damp

14 May 24

An independent review ordered by Housing Ombudsman into how Orbit Group has handled damp and mould has made 15 recommendations to the landlord.

Independent of both the Ombudsman and Orbit Group, the review is one of the first uses of the Ombudsman’s new powers under the Social Housing Regulation Act to order wider reviews into a landlord’s policy, practice and root causes of complaints.

The review involved seven cases of damp and mould where the Ombudsman had found maladministration, including severe maladministration.

Investigations by the Ombudsman leading to the review found repeated poor handling of damp and mould, with residents living with the issue for as long as four years, and consistent failure to address physical or mental health needs in its response.

Failings in inspections, oversight of repairs and record-keeping were common across many of the cases, the Ombudsman said.

The review recommended that Orbit Group “do more to comply with the recommendations within the Ombudsman’s Spotlight report on damp and mould and knowledge and information management, and highlighted that in its current self-assessment against the damp and mould report, no assurances are given”.

The Ombudsman said that whilst the review was accepting that Orbit Group is in “transition” in its approach to damp and mould, it stated that more work was needed in this area to achieve a good service for residents. The review also found that whilst there was a lot of focus on learning from damp and mould, there was not so much in other key areas such as repairs.

The review also identified a significant lack of complex case management and that although mechanisms are currently in place to improve, “these do not fully resolve some of the concerns identified.”

A lack of in-house technical skills has hampered some of the responses to damp and mould, with it resulting in clashes with technical advisors and residents.

In some more general reflections, the review found there was not enough evidence of resident involvement in the learning and delivery plans for improvements “and similarly little evidence of further training plans for staff past the initial set of courses”, the Ombudsman said.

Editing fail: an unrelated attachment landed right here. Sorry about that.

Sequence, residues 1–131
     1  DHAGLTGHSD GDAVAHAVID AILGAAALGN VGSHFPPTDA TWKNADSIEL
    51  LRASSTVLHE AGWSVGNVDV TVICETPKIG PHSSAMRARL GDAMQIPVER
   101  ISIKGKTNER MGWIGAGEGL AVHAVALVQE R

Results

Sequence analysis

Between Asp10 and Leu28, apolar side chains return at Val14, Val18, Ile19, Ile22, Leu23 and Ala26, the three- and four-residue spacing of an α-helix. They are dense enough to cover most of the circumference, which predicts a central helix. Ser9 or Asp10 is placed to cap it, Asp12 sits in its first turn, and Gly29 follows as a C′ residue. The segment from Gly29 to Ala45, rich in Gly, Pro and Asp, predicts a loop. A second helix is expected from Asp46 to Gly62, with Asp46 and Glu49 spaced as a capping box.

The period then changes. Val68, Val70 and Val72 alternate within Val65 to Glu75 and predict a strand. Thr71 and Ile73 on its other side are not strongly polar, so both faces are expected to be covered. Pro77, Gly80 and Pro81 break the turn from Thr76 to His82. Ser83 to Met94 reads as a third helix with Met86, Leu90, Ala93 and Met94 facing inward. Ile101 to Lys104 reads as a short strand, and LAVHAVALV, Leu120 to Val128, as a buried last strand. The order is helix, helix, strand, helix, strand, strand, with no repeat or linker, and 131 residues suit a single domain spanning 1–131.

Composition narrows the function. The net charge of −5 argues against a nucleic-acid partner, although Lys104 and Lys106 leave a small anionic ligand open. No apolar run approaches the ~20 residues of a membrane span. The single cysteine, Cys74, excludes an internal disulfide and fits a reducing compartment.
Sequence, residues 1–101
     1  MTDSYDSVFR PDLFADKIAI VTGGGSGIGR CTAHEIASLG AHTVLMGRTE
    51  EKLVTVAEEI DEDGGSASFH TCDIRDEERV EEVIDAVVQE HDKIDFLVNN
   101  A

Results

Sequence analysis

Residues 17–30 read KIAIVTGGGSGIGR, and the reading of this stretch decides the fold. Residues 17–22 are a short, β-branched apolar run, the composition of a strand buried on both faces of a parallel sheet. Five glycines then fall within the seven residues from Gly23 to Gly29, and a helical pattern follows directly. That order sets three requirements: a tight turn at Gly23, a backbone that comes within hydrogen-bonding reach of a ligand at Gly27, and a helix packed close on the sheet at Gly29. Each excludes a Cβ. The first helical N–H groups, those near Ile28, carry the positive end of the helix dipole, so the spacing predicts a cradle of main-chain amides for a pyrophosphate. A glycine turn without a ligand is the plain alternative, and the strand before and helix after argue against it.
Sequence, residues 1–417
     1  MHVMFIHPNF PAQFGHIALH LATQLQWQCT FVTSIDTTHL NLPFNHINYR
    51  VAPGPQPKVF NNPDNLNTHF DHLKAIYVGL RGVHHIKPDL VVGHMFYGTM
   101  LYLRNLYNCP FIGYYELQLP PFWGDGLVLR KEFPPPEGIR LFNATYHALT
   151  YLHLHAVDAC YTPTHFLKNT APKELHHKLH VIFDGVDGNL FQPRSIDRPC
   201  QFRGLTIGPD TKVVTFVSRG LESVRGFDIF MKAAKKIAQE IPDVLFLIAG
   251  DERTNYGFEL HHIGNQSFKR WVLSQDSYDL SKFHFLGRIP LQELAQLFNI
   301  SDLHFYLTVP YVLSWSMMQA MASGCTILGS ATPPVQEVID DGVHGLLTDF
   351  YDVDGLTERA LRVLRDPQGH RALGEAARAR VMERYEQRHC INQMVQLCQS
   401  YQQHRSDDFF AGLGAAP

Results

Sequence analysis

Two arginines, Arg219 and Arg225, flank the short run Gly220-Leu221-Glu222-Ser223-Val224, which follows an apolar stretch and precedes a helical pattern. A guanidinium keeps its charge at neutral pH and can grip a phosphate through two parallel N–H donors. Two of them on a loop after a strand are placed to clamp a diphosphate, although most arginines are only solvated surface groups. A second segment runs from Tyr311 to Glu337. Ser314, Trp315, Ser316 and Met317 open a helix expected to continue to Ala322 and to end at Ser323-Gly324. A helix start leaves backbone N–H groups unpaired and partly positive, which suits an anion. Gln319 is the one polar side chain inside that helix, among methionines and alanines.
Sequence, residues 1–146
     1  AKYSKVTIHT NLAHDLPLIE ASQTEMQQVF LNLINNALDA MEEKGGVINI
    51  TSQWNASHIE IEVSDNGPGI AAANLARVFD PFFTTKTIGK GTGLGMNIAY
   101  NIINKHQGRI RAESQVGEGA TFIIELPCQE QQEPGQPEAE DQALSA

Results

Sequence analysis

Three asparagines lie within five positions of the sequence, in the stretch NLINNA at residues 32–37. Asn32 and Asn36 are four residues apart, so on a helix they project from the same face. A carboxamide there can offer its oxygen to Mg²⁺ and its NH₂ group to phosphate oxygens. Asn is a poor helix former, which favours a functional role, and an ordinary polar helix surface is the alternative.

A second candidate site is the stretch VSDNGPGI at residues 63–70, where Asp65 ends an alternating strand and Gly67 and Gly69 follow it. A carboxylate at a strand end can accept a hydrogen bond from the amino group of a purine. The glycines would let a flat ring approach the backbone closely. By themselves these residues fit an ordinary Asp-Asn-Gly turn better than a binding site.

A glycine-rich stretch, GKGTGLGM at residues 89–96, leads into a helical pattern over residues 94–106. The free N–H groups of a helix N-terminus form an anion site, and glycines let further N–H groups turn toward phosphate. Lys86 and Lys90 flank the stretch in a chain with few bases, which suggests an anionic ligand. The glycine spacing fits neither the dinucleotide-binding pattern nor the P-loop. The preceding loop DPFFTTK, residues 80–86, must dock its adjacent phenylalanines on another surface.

The review also found that the landlord’s decentralised model for training has resulted in inconsistencies for job specific learning and development.

The review did find that the landlord’s systems for registering, tracking, and analysing damp and mould cases were fit for purpose and that any key performance indicators were robust for case monitoring and management.

Richard Blakeway, Housing Ombudsman, said: “It is essential for landlords to tackle the root causes of complaints to drive service improvements and reduce the higher rate of maladministration we are finding.

He welcomed the positive way Orbit Group had embraced the independent review to improve its handling of disrepair and damp.

“Its open and transparent approach to sharing the lessons of the review will support other landlords to focus on how they can improve their own services and address these issues,” he said.

“It is clear from the repeated failings in these cases that the landlord’s damp and mould policy was not producing positive outcomes for residents when applied in practice.

“Without the review, other residents may have experienced similar service failings and the learning from our investigations and the review will help the landlord to take targeted action to improve the experience of residents.”

Blakeway said the Ombudsman’s power to order a wider review was one of the most significant changes to way it operates.

“Our wider orders can help landlords undertake a review into a specific policy or practice to improve outcomes for residents and provide landlords with an opportunity to learn where and why things are no working as they should, so that social housing can perform the vital role in plays in our communities.”

Orbit Group apologised to the customers affected in these cases and fully accepted the findings of the Housing Ombudsman.

It said in a learning statement: “Providing our customers with the home and service they deserve is central to our purpose, and when we get something wrong, we will strive to put it right and learn from it.

“We are committed to continually improving our customer experience and welcomed the opportunity to work in partnership with the Housing Ombudsman to undertake an independent review of our to responding to requests for repairs due to reports of damp and mould, and more importantly, learn from its findings.

“We remain committed to building on the significant investment and new initiatives we have already implemented to further improve our services. These have included significantly increasing investment in colleague training and skill development, sharpening our focus within our case management and technical teams, enhancing repair diagnostics, working with our supply chain partners, and launching a You and Your Home customer check-in pilot, allowing us to discuss with the customer any work required and how we can best support them. In addition, we have completed organisational-wide training to increase understanding of vulnerability, and introduced new Colleague Commitments, which set the minimum expectations for all of us and are intended to encourage everyone to aim for positive actions, whatever their role.”

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